Israel Through A Lens
BY Lee Saunders DATE 27/02/2019
There is a well-known quote that “no place is boring if you have had a good night’s sleep and a pocket full of unexposed film.” Nothing could be truer for than Israel’s most famous photographer, Israel Prize laureate David Rubinger, whose 500,000 negatives are kept in the archives at newspaper Yedioth Ahronoth archives, a tribute to a time when people used film cameras.
Today, with every tourist a photographer and the staggering rise of social media platform Instagram, walking the streets of a strange place with any camera to hand remains one of the most joyful pursuits of being a tourist in a foreign city. In Israel, each day, the streets offer you a photogenic glimpse into the lives, minds and realities of locals. For photography aficionados, there are also many photography galleries and exhibitions to satisfy the most creative eye.
Rubinger himself is honored at a recently opened exhibition at The Eretz Israel Museum, one of Israel’s largest and most remarkable museums, set in serene neighborhood of Ramat Aviv in northern Tel Aviv. Vienna-born Rubinger, who moved to British-mandate Palestine in 1939 and passed away last year, aged 92, is probably the most well-known Israeli photographer. His work defined the nation’s history and included many iconic images etched on local and international memory. From the frontlines of war, to intimate photos of Israeli prime ministers to immigrants who arrived, the exhibition – David Rubinger /I Captured the Truth, 1947-1997, open until April 2019, is well worth a visit.
There are key photographs of the Middle East in the 19th and early 20th century, as well as a collection of Soviet photography from the 1930s to 1970s on display at the Tel Aviv Museum of Art, one of the country’s leading artistic and cultural institutions, also worth a visit. Within walking distance of the Link Hotel & Hub, the museum has expanded its photography collection, which began in 1977, and today also hosts a range of exhibitions, currently by Japan’s Hiroshi Sugimoto.
Having opened 40 years ago in 1979, the photography department at Jerusalem’s Israel Museum, which lies west of the stately and iconic work of art that is the King David Jerusalem Hotel, has amassed an encyclopedic international collection. Today, a collection of more than 75,000 items regularly impresses visitors, dazzled by the early photography in the Near East or southwest Asia, European photography at the turn of the century, Soviet photography, Israeli photography, and the 1920s photography of the Dada and Surrealist era. While Eretz Israel Museum houses the legendary Rubinger, the Israel Museum displays Mendel John Diness, the first Jewish photographer to capture images of Jerusalem in the mid-19th century, the archive of Yaakov Ben Dov, a photographer active in Israel at the beginning of the 20th century, and the works of internationally renowned photojournalist Nahum Tim Gidal.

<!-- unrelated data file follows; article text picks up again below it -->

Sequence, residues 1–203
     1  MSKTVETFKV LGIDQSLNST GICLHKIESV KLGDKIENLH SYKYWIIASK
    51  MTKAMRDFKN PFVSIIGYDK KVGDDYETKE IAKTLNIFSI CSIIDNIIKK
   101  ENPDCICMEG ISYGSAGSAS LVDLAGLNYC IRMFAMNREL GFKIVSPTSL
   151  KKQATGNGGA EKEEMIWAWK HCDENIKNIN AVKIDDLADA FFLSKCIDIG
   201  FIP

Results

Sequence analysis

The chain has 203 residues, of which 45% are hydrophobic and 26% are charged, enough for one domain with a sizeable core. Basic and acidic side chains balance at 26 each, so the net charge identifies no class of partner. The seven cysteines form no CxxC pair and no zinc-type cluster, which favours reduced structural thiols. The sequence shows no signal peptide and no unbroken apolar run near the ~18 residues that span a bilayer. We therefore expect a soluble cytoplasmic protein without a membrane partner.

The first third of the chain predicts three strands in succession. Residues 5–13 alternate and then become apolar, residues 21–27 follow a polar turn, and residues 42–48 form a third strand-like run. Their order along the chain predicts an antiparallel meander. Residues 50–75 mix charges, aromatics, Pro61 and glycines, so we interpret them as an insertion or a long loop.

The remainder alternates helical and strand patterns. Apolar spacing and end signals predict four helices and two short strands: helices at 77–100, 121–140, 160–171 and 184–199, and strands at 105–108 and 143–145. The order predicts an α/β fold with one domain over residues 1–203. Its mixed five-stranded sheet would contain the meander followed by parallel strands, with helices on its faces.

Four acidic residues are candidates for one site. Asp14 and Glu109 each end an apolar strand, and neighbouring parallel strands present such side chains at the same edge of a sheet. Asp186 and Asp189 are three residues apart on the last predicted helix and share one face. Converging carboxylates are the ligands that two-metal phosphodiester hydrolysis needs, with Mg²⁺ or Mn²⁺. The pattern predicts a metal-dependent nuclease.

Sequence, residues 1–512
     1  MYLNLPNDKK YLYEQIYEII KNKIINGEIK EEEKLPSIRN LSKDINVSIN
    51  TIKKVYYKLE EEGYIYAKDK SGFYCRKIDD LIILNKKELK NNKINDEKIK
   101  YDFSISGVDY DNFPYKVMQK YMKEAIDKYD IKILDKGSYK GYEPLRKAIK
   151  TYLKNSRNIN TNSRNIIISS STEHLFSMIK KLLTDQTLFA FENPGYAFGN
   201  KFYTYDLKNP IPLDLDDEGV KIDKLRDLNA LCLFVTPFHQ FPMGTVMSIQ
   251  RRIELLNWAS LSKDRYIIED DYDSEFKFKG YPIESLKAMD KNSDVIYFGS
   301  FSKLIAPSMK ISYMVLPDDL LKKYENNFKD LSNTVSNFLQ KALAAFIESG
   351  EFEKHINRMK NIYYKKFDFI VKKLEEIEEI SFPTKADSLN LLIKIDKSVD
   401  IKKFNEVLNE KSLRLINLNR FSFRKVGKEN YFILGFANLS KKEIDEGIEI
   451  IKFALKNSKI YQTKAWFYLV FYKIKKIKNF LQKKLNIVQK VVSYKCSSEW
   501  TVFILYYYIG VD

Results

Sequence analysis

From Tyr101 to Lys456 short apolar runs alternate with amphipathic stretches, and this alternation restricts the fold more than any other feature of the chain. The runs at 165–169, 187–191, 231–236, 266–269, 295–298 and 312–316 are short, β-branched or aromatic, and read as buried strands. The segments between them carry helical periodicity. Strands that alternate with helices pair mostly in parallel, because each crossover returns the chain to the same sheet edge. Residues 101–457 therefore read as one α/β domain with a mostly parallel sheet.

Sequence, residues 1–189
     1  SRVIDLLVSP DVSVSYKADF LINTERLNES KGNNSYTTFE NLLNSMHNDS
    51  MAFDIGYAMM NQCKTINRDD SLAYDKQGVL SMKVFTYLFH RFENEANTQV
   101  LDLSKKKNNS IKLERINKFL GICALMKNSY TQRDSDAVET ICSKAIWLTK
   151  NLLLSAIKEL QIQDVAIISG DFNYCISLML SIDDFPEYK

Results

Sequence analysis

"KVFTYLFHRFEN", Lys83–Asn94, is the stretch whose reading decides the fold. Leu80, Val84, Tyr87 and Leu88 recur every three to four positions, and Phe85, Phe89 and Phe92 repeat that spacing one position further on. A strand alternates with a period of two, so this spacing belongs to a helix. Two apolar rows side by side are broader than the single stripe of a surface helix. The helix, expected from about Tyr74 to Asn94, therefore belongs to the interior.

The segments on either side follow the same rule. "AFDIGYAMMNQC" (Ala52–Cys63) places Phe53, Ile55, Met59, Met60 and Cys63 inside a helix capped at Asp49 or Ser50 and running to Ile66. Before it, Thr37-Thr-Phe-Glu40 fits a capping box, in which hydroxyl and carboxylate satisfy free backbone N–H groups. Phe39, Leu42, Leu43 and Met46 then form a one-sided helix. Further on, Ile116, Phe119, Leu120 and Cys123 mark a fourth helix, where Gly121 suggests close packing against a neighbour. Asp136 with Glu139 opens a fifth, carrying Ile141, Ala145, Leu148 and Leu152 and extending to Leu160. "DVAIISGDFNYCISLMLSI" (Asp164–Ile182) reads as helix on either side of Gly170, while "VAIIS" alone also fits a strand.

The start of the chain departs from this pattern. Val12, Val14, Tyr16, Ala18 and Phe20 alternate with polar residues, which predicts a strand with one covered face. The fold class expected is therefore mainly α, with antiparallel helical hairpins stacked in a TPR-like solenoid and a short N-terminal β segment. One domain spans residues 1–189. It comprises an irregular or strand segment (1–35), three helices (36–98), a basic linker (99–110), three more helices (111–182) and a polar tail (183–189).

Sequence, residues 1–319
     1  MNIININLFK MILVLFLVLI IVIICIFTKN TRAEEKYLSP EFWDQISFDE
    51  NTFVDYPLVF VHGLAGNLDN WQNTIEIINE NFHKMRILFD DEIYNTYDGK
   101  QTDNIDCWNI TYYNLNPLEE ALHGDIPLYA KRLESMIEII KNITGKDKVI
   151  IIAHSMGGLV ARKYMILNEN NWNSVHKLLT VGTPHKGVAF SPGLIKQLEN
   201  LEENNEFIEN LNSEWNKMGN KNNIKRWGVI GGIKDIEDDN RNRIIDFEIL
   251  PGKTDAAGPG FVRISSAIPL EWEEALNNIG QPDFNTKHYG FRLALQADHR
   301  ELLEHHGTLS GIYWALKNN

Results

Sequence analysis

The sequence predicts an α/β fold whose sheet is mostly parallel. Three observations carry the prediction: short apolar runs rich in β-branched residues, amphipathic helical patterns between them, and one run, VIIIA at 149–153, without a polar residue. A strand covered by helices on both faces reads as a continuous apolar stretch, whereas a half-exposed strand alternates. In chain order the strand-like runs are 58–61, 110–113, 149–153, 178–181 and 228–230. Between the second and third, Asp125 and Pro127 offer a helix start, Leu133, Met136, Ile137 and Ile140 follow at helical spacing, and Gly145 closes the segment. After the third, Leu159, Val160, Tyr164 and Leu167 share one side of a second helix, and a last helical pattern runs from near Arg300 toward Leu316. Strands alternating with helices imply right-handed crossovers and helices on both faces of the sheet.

There are many exhibitions focused on local and emerging talent, among them the Jerusalem Artists’ House, a dynamic center for local and contemporary artists, including photography, while its namesake, Tel Aviv Artists’ House, tucked away from the city’s main streets, is a nonprofit showcasing homegrown photography. Tel Aviv’s thriving Raw Art Gallery is a creative space synonymous with the Israeli contemporary art scene since it opened its doors in south Tel Aviv in 2005. These galleries represent young and emerging artists and provides a platform to expose their work to an interested audience.
Such is the emerging photographic talent that one of Israel’s largest centers for art and culture, The Jerusalem Theatre’s Henry Crown Hall is now exhibiting the nature-inspired photos of high school student Erez Amir, who landed his very own photography exhibition after a crowdfunding campaign. The theatre’s more than 600,000 annual visitors can now appreciate his vistas, flora and fauna, all taken at Mount Herzl, Gazelle Valley, and many other sites around Jerusalem.
With Tel Aviv’s Eretz Israel Museum shortly hosting the winners from the World Press Photo Exhibition 2018, fans can marvel at those photos selected out of 73,000 images submitted from 125 countries – which leaves you wondering – what’s the best angle and where’s the light coming from?
Written by Lee Saunders